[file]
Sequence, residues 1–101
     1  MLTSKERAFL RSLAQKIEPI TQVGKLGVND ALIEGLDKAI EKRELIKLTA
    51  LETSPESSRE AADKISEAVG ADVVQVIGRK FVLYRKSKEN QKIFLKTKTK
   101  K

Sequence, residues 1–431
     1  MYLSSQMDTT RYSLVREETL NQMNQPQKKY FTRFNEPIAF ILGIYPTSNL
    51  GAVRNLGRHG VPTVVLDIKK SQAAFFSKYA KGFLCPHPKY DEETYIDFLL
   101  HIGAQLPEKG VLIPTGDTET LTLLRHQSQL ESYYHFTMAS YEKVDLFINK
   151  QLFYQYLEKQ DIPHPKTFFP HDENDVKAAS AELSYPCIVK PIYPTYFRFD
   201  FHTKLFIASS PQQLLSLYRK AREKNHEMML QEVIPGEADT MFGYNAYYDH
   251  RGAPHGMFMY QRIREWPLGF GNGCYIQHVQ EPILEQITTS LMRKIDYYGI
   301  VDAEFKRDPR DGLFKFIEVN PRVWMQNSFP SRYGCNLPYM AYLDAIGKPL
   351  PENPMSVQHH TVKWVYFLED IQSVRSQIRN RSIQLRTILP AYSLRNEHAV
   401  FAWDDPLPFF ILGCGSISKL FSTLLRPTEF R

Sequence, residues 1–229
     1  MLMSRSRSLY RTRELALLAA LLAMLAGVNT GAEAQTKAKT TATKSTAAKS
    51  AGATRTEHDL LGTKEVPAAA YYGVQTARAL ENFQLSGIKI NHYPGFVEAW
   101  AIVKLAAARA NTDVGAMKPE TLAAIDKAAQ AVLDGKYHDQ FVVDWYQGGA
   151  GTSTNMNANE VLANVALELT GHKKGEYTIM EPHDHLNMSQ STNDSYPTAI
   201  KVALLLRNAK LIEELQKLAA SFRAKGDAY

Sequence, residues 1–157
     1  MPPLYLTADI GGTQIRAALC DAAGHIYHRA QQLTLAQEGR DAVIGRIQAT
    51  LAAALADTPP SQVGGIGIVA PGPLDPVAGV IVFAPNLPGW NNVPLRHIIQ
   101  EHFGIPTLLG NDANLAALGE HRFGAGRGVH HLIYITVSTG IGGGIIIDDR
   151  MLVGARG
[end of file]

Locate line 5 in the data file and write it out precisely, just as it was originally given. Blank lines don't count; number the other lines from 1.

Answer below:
Sequence, residues 1–431